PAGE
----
Overall activity status: Like the waxing and waning of the moon, rut activity is waxing in Florida, Mississippi, Alabama, and eastern Louisiana. It’s waning in Arkansas, South Carolina, Georgia, and western Louisiana. The recent unseasonably warm weather across the South has dampened movement somewhat, but in pre-rut states, the bucks are on the move.

Fighting: Bucks should be sparring and getting testy in Florida, eastern Louisiana, Alabama, and Mississippi. As bucks begin laying down sign and marking their territory, expect more bucks to bang heads in preparation for the rut.

Rub making: Deer in Mississippi, Florida, western Louisiana, and Alabama are rubbing more and more. Shane Dempsey, who hunts in northern Alabama, says he is seeing more rut sign: “The bucks are starting to crank out the rubs and scrapes, and some young bucks are starting to cruise a little. The warm weather has shut down a lot of the deer movement. Everyone that I have talked to said this has been a down year as far as movement, and all agree this warm weather we have had is the culprit.”

Scrape making: As Dempsey observed, rubs and scrapes are on the increase in pre-rut states. Look for pawed-out spots along ridges and edges of food plots and fields. Place a trail camera on them to see who is visiting. I placed a trail cam on a scrape, doctored it with some deer scent, and got pictures of numerous deer visiting it even thought the rut peak has passed in Georgia.

Chasing: Eager bucks, mainly the younger ones, are already chasing in Mississippi, Florida, and Alabama. Jimmy Riley of Giles Island, Mississippi, reports that “hunting has finally gotten good. Our rut is almost here, we’re starting to see some chasing.”

Daytime movement: With the warmer weather, movement is somewhat muted and confined to dawn and dusk in many instances. Dusk is when Jimmy Hurst saw his Florida buck. Hurst had been hunting a particular big buck and on December 3 he got a trail camera picture of what he believed to be the buck. He began hunting more often, hoping to get a shot at it:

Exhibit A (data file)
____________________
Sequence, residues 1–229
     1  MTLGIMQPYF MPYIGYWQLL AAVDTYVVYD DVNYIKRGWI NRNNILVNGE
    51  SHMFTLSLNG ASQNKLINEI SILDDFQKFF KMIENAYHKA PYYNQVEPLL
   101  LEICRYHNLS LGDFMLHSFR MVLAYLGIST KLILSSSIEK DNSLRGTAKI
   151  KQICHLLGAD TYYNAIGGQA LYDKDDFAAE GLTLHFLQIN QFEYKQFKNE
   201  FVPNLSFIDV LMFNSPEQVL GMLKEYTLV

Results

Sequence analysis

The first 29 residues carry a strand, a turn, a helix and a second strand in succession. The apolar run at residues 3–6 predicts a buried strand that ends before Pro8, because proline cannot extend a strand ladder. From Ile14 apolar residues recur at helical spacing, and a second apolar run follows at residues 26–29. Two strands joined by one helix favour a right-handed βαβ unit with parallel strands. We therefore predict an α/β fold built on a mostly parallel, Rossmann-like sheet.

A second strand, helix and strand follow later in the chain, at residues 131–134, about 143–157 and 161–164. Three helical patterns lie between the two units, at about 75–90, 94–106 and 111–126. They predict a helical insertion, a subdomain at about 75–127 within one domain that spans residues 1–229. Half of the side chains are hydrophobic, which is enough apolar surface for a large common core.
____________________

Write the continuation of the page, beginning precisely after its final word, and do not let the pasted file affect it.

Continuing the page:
“I walked into the woods with steamy temperatures and horrible mosquitoes. I saw nothing until about 5:30 when a small doe walked out into the hammock and directly in front of me. She fed there for a few minutes before she started to look into the woods where she came from.

“As I watched the doe, I heard a small crash back behind the stand. I spun around to see what made the noise. It was a deer that had run into a cabbage palm frond hanging about 110 yards behind me. All I could see was the legs of a deer. It was walking quickly towards the property line from left to right and almost out of my line of sight. I rested my rifle on the shooting rail and scoped the only opening that it would cross before it would pass out of sight. It would have to be a split-second judgment on whether or not it was a shooter because I didn’t want to risk stopping it behind all the brush.

“When it stepped into the little lane, judging the buck was very easy. I dropped the crosshairs to his chest very quickly and pulled the trigger.”

Unsure of the shot and full of adrenaline, Hurst hurried down to the buck and found it still struggling but soon expired. Hurst was thrilled–it was a true giant Florida buck that weighed 202 pounds, with an eight-point rack that scored around 143 inches. The buck, shown above with Hurst, was out cruising and checking scrapes when the hunter put him down.

Estrous signs: Most does are anywhere from a week to a month away from estrus in pre-rut states depending on where you’re hunting. They may have a few early does coming into heat, but the bulk is in the near future.

X Factor: Whenever the weather goes from unseasonably warm to chilly and cold, expect increased movement and the rut to bust wide open. That will be one of the best times to be in the woods if you hunt Florida, Alabama, Mississippi, or eastern Louisiana. “A nice blast of cold air should get things moving,” says Alabama’s Dempsey, “as the rut in northeast Alabama usually occurs anywhere from December 17 all the way until the end of January, with the peak rut occurring around the first and second weeks in January. Shouldn’t be long!”